Authored By: The Mississippi Bar
"Homestead" generally refers to a family's dwelling and the land upon which the dwelling rests. Under Mississippi law, families have the right to keep a certain portion of their homestead exempt from creditors. Specifically, the law exempts 160 acres or $75,000 in equity, whichever is lower, from the reach of creditors. The sole requirement of a property owner to receive this exemption is to occupy the property as his or her primary residence. However, if a spouse is over 60 years of age, he or she can still maintain that exemption, even if the property is no longer the primary residence.
To declare a homestead exemption, the property owner must file a claim with the county tax assessor's office. Along with protecting the property from creditors, filing for homestead exemption also benefits the homeowner through a reduction in property taxes.
The homestead law's intent is to keep families on their property. In the case of a property owner's death, the homestead exemption extends to the surviving spouse or to the couple's children of minor age. This prevents the deceased's creditors from making a claim on the property.
Situations do arise in which the homeowner does not reside on the property, yet the law honors the homestead exemption. For example, if a situation forces a person off his or her property, as in the case of a wife's escaping an abusing husband, the wife can claim the homestead right in a future divorce or other legal proceeding.
Under Mississippi law, a spouse cannot mortgage homestead property without the signed consent of the other spouse. In fact, any attempt to transfer the title to the property to another person without the written consent of the spouse is void.
Homestead exemption laws strive to give a homeowner the assurance that the development of bad credit cannot threaten the family's security of having a roof over their heads. However, homestead exemption is not automatic, but is dependent upon the homeowner's filing the claim with the county. Along with being a tax savings to the property owner, this simple procedure may prove someday to be the difference between remaining in your home and turning it over to creditors.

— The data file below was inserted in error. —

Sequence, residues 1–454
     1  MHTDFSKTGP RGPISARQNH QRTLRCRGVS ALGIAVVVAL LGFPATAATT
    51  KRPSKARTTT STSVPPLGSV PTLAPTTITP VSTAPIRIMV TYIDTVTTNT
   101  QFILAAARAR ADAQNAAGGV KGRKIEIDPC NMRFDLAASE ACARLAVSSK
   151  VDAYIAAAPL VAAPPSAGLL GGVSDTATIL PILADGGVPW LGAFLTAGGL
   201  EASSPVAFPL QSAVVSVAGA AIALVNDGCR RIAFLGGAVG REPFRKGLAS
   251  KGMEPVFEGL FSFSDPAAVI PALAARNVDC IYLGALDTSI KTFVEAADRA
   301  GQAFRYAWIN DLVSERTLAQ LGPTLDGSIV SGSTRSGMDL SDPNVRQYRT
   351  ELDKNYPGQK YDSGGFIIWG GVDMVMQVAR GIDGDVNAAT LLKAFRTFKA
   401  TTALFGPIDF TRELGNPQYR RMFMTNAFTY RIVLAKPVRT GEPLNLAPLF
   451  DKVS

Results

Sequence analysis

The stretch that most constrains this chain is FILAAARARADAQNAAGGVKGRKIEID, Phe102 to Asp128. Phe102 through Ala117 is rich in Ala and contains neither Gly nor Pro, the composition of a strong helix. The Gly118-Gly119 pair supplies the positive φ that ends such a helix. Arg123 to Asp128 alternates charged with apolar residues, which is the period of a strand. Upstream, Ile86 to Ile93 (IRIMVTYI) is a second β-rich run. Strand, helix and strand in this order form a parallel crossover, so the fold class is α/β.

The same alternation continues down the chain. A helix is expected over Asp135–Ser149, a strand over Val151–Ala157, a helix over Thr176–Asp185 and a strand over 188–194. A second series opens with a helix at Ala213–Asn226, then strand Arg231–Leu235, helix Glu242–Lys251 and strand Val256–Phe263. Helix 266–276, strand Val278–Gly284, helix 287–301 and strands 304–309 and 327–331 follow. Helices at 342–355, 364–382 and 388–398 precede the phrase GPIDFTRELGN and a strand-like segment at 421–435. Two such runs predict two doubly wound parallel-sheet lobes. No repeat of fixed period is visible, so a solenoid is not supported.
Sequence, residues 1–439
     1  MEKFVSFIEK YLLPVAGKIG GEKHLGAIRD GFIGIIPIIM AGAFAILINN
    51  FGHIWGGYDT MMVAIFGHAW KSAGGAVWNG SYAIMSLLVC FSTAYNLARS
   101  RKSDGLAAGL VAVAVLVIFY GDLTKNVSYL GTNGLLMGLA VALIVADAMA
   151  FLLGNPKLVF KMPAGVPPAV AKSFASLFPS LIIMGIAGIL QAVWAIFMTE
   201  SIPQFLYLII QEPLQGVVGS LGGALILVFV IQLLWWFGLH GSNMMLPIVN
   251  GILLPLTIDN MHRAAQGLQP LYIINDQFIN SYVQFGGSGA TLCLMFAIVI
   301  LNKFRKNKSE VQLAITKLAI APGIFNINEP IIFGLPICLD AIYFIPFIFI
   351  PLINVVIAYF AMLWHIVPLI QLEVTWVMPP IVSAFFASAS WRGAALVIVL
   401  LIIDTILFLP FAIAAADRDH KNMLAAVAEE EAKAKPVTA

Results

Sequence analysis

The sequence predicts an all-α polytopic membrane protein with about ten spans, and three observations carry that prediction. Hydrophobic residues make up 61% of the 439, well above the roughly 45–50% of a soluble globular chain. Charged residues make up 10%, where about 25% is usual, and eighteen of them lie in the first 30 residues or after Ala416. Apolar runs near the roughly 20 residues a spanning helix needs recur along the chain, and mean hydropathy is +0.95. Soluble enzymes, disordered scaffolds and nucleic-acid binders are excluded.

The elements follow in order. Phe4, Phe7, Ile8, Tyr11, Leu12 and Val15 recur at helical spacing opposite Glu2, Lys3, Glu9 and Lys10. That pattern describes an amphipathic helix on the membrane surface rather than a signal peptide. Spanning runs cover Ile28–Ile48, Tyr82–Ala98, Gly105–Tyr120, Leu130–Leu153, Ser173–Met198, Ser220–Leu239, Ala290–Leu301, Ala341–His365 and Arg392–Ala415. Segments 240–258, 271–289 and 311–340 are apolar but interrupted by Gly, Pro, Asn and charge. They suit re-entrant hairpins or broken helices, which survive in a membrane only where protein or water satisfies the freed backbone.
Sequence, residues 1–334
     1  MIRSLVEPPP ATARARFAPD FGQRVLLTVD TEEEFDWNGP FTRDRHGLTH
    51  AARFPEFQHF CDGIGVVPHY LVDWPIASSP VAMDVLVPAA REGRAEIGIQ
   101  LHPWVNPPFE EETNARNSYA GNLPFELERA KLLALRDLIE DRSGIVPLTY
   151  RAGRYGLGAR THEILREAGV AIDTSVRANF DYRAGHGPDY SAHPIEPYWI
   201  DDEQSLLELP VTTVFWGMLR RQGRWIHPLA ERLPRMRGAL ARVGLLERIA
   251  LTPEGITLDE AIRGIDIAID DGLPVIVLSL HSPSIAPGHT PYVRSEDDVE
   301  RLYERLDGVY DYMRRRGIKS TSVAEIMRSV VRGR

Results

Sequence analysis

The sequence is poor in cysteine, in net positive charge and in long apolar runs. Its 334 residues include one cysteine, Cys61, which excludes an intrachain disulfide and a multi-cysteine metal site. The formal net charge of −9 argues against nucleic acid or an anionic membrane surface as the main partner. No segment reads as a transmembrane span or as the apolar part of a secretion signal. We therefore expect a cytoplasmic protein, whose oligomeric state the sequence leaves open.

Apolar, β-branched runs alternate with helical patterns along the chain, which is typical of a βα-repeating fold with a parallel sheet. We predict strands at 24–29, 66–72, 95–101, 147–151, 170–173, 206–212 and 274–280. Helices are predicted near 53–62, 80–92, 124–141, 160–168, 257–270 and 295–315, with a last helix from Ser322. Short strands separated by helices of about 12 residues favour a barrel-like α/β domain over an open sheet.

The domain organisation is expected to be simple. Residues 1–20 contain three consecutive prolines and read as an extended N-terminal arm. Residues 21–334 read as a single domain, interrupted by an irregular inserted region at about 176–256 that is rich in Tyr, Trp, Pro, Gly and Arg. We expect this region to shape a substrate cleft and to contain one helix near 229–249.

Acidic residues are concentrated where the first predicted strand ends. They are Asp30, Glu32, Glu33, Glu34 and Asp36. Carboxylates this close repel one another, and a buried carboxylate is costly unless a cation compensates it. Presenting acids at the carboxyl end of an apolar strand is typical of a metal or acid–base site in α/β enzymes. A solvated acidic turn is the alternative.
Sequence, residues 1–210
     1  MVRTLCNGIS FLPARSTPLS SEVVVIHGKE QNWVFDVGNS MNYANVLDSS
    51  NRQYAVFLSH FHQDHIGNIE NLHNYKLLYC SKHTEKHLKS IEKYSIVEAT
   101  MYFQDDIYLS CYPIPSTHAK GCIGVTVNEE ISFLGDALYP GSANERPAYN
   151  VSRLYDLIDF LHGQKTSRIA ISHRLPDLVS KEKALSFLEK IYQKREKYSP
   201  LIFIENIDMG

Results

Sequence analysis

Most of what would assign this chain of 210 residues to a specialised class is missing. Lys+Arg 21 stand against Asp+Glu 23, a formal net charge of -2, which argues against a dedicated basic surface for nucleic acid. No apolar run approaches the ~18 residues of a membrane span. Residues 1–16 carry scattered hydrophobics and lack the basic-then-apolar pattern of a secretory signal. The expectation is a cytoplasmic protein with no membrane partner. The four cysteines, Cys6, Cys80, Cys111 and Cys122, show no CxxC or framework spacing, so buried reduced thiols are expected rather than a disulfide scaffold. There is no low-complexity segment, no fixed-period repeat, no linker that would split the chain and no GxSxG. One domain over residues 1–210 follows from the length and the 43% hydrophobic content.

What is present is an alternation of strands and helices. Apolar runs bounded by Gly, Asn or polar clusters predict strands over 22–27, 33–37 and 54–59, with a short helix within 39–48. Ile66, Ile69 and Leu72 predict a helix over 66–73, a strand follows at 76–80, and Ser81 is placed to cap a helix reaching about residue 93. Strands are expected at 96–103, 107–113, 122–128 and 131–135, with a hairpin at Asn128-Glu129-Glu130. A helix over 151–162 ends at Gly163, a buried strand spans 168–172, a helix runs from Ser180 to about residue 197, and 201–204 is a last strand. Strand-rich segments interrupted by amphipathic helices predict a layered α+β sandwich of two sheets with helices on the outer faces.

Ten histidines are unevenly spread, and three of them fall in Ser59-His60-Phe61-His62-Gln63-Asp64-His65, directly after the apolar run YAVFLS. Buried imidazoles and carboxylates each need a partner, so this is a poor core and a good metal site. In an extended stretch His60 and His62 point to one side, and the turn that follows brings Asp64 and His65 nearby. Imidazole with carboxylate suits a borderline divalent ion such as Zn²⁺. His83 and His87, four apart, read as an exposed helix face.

Because a home may be a person's most valuable asset, creditors may try to seize the property in exchange for debts owed and past due. A homeowner should be aware of those possibilities and take the necessary steps to prevent such action. When creditors do come to call, an attorney can be helpful in preventing the loss of the home.
When buying a house, most people finance the purchase by borrowing money from a bank or other financial institution. The lender will require the borrower to sign a promissory note and deed of trust, more commonly known as a mortgage. The company holds the mortgage on the house until the entire loan is paid.
If the borrower ever fails to make a mortgage payment, the lender has the right to call for immediate payment of the entire loan. If the homeowner is unable to pay, the deed of trust allows the lender to foreclose on the property and sell it to recoup its investment. This process can occur in as little as 30 days. Quick action by the homeowner may prevent the foreclosure or sale.
A similar situation is possible when a homeowner borrows money to make home improvements. Among the documents the lender may require is a second deed of trust on the home. Just as in the original financing, if the homeowner fails to make a payment, foreclosure can occur.
However, federal law gives the homeowner the right to cancel the loan within three days of signing the loan papers. The law also requires the lender to give the borrower notice of his or her right to cancel. If the lender fails to give notice, the borrower can cancel at any time.
If a homeowner contracts to have home repairs done but fails to pay for the work in accordance with the agreement, the house is in danger of being lost. The contractor may file a mechanics lien against the property and force the sale of the property.
Subcontractors may file similar liens if they are not paid by the contractor. To prevent this from happening, the homeowner can demand from the contractor written lien waivers from all the subcontractors providing materials or services for work described in the contract. Mississippi law requires the homeowner be given notice of the right to these waivers.
Another expense of homeownership is the city and county taxes on the property. Failure to pay these taxes can force the sale of the home for taxes. Prompt action can prevent this from occurring or even enable the owner to regain the home after the sale.
Homeownership is also in jeopardy when the owner loses a lawsuit and owes money. The court can place a judgment lien against the house, allowing for the sale of the property to satisfy the amount owed.
Owning a home can bring great satisfaction, security, and tax benefits. However, great responsibility also rests with the homeowner to manage any incurred debt and make payments on time. Failure to do so can possibly cause the loss of one's greatest financial asset.